State Recognition: Admission (Im)Possible
This article focuses on state recognition in the European context and on the admission of states to the Council of Europe after the end of the Cold War. It argues that two global trends identified by John Dugard in the 1980s have continued since then: a common approach to state recognition has been adopted and the criteria for state recognition have increasingly been given normative content. This reflects that the constitutive theory of state recognition continued to be popular. The two trends have not automatically resulted in a more legal approach to the issues, as the case study of Bosnia and Herzegovina illustrates.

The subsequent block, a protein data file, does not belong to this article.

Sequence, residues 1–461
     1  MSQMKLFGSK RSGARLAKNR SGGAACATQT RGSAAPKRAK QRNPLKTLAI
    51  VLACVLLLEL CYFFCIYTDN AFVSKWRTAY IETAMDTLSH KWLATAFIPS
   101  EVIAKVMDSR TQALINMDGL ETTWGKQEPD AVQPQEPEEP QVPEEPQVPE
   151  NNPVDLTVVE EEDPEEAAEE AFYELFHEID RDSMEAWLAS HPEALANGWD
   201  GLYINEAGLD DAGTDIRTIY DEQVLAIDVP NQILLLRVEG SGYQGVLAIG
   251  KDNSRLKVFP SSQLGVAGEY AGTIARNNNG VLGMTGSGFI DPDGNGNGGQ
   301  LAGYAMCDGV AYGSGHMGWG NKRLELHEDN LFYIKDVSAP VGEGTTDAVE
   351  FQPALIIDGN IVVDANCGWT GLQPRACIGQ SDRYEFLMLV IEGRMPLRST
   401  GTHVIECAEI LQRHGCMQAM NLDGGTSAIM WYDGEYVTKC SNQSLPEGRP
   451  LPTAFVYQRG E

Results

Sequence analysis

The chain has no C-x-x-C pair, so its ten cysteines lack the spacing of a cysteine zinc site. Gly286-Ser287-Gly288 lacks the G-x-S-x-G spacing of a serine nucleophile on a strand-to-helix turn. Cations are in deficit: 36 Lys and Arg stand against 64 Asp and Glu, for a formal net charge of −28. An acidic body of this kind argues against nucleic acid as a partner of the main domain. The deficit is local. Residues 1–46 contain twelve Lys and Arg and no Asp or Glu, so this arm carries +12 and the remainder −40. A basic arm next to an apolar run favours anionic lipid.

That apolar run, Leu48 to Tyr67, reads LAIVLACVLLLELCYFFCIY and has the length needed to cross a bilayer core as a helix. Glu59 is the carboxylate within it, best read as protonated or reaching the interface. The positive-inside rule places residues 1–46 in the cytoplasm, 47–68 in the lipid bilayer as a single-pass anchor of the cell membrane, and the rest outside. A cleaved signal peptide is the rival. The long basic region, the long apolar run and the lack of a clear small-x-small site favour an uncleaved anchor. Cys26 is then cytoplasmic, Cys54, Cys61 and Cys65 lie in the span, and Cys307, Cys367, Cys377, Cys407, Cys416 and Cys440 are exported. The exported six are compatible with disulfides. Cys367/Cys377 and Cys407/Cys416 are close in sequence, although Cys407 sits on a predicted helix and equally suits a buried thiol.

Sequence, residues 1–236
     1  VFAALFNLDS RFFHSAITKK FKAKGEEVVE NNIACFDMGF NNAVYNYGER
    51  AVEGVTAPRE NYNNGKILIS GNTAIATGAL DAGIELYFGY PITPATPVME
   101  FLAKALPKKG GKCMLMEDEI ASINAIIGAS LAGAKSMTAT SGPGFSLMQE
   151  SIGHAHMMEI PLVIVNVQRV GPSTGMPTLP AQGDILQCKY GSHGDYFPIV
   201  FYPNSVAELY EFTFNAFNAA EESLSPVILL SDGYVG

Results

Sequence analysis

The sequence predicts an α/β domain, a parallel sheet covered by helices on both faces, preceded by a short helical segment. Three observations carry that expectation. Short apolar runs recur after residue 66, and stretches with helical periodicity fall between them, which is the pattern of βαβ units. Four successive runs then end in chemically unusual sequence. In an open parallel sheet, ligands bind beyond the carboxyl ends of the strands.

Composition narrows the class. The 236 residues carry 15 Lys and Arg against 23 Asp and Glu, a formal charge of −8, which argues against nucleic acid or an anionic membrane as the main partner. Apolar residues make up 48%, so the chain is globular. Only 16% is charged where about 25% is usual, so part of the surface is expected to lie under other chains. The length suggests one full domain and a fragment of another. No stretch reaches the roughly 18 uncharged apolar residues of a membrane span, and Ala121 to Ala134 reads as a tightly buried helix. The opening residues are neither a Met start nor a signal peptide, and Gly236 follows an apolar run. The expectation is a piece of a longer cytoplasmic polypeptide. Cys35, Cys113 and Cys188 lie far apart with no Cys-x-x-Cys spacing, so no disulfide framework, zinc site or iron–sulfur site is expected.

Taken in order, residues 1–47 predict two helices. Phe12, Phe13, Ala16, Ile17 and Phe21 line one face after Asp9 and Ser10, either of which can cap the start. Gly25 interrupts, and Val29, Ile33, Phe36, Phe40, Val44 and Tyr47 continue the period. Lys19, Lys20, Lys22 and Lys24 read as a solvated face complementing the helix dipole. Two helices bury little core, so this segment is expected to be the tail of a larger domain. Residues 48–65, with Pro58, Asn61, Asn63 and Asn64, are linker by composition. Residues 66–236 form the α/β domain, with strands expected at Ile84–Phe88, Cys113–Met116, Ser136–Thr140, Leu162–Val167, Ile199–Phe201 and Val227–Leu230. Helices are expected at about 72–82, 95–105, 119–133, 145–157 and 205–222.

Key Words: admission to international organizations; Bosnia and Herzegovina; constitutive theory; Council of Europe; state recognition.
1 Europa Instituut, Faculty of Law, University of Leiden. Drs Antoine Buyse completed a Ph.D. thesis on the right to housing restitution. Profesor Rick Lawson holds the Kirchheiner Chair (protection of the integrity of the individual) and is an advisory editor of LJIL.